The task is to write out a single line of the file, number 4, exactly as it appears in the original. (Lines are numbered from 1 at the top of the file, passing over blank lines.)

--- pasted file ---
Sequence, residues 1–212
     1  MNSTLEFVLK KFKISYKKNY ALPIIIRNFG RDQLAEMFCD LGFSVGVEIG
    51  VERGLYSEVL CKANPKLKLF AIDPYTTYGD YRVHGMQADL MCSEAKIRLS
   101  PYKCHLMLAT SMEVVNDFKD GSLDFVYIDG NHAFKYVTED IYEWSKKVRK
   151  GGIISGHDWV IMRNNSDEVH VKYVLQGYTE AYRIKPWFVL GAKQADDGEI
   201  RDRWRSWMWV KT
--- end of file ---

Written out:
   101  PYKCHLMLAT SMEVVNDFKD GSLDFVYIDG NHAFKYVTED IYEWSKKVRK